The state should inform district hiring needs with key teacher supply and demand data. The bar for this goal was raised in 2017.
Teacher Production Data: California publishes an annual report entitled Teacher Supply in California, which includes data on the number of teachers who received credentials, certificates, permits and waivers and addresses issues regarding the supply of teachers newly available to teach in California classrooms. Specifically, the report breaks down the number of credentials by those earning multiple subject, single subject, and education specialist certifications. It also includes a table that compares the number of teaching credentials to permits issued for each authorization; these numbers include documents for individuals recommended by California institutions as well as for those who completed an out-of-state program.
Finally, the report includes a forecast of supply via the Future Teacher Supply Indicator: Teacher Preparation Program Enrollment Data and Teacher Demand: Estimated Teacher Hires by Region, County, and Subject Areas. The Teacher Demand section, specifically, uses past data to estimate the hiring needs for the next year, including identifying the geographic regions and subject areas where the greatest demand is estimated to be. However, it does not explicitly connect its Teacher Supply and Teacher Demand indicators so that its preparation programs can use those data to make informed decisions regarding the number of program candidates to admit.
Program Acceptance Numbers: California collects data on teacher production by programs, but it does not provide these programs with guidelines surrounding the number of teacher candidates that should be accepted per subject area.
Teacher Supply http://www.ctc.ca.gov/reports/all-reports.html
Explicitly connect supply and demand data to district hiring needs.
California is on the right track in reporting teacher production and demand data. However, it should strengthen its data collection practices by explicitly connecting these two data sets and using them to inform policy decisions.
Provide clear guidance regarding program acceptance numbers.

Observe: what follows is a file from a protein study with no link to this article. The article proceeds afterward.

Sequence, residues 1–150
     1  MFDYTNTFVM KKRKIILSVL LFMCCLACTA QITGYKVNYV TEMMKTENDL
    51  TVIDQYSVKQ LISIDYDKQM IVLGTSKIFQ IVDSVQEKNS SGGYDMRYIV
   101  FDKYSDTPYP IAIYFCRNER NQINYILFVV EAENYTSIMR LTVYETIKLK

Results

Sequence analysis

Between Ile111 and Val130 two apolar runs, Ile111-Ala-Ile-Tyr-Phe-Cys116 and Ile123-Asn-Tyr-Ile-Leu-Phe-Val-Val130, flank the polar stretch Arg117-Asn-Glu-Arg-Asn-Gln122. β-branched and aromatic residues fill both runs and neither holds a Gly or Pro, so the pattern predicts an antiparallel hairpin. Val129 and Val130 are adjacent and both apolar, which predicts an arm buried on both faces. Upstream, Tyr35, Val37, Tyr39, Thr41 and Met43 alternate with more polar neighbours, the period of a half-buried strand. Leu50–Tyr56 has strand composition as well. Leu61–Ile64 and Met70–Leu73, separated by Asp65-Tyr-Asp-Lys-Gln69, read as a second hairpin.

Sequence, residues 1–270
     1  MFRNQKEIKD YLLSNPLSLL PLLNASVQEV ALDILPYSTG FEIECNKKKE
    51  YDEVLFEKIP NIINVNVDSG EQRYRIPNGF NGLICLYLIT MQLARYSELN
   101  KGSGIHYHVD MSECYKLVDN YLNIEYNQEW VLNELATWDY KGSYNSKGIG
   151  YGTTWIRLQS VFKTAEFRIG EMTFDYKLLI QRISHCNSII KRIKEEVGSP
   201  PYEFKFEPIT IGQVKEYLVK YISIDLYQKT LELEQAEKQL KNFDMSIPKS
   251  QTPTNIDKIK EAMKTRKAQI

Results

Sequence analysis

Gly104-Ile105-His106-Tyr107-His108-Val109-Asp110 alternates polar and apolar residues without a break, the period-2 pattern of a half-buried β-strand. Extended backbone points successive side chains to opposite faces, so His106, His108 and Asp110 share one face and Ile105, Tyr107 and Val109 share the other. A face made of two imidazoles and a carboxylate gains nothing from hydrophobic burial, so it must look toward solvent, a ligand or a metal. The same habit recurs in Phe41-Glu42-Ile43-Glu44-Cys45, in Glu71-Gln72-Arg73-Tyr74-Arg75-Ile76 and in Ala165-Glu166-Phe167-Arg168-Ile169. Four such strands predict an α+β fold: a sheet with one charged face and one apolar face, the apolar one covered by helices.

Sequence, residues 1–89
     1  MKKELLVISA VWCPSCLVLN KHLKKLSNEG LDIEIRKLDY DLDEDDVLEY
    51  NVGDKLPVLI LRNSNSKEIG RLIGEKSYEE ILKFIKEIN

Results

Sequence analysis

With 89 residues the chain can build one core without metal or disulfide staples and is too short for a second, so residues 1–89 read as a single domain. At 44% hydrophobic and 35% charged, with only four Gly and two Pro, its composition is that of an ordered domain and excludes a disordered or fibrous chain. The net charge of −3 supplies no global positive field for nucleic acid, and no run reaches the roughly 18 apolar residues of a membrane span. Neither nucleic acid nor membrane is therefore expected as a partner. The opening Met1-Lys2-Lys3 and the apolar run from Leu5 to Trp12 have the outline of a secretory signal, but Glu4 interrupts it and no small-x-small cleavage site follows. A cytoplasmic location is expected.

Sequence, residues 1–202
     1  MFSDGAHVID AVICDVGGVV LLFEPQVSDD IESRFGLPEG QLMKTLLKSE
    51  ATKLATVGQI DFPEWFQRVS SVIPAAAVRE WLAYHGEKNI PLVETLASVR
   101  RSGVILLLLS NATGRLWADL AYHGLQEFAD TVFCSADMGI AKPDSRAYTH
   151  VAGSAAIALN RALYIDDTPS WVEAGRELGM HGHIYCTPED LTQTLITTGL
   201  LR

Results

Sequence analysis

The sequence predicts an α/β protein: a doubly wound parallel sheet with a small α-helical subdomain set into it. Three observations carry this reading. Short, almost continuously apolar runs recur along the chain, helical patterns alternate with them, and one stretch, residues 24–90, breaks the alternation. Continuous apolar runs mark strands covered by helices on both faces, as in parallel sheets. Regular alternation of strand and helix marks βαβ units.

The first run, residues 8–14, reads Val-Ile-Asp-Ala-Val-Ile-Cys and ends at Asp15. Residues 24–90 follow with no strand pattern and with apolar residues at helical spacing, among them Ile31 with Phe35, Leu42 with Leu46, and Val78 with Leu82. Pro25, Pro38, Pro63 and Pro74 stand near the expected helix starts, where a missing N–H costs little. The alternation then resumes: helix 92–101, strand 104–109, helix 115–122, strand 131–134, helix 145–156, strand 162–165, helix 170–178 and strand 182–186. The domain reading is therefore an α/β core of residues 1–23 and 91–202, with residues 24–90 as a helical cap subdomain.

Not only should California collect data on teacher production by programs, it should also provide programs with guidelines surrounding the number of teacher candidates that should be accepted per subject area. By establishing clear parameters for its approved programs that govern how many teachers in each major certification area should be produced, California will be on track to reduce the chronic surplus of teachers in some certification areas and increase the number of teachers in chronic shortage areas.
California declined to respond to NCTQ's analyses.
1B: Teacher Shortages and Surpluses
It is an inefficient use of resources for individual districts to build their own data systems for tracking teachers. States need to take the lead and provide districts with state-level data that can be used not only for the purpose of measuring teacher effectiveness, but also to gauge the supply and demand of teachers in the state. Furthermore, multiple years of data are necessary to identify staffing trends.
Many preparation programs graduate people who are certified to teach but do not get jobs in the classroom. Often times, this is because these teachers pursue certifications in areas that already have a surplus of teachers (e.g., elementary education), while districts struggle to find applicants to hire in other areas (e.g., special education, science). Given this misalignment between the teachers that teacher preparation programs produce and the hiring needs of school districts, the state should step in to establish a cohesive data reporting system. By creating reports that publicly delineate the number of teachers produced by each teacher preparation program (and therefore by certification area), the state will be better able to identify instances where the production of teachers does not match districts' needs.
Furthermore, the state should consider whether teacher preparation programs are supplying districts with the teachers they need when approving or re-approving programs. Teacher preparation programs exist primarily to prepare teachers for public school positions (approximately 88 percent of teachers work in public schools). If teacher preparation programs produce far more teachers than the state needs in some certification areas and far too few in others, the programs are failing to meeting their state's demand. Moreover, student teaching placements (which tend to be near candidates' teacher prep programs) are highly predictive of where candidates will get their first teaching jobs, therefore also allowing states the ability to predict which open positions are likely to be filled. Given that the preparation program's function is to supply the nearby area (and more generally, the state) with public school teachers, it is incumbent upon the state to make sure the program fulfills that responsibility— particularly through the collection and application of data on teacher production numbers and district demand— and to intervene when necessary by capping the number of teachers in certain certification areas that a program can produce.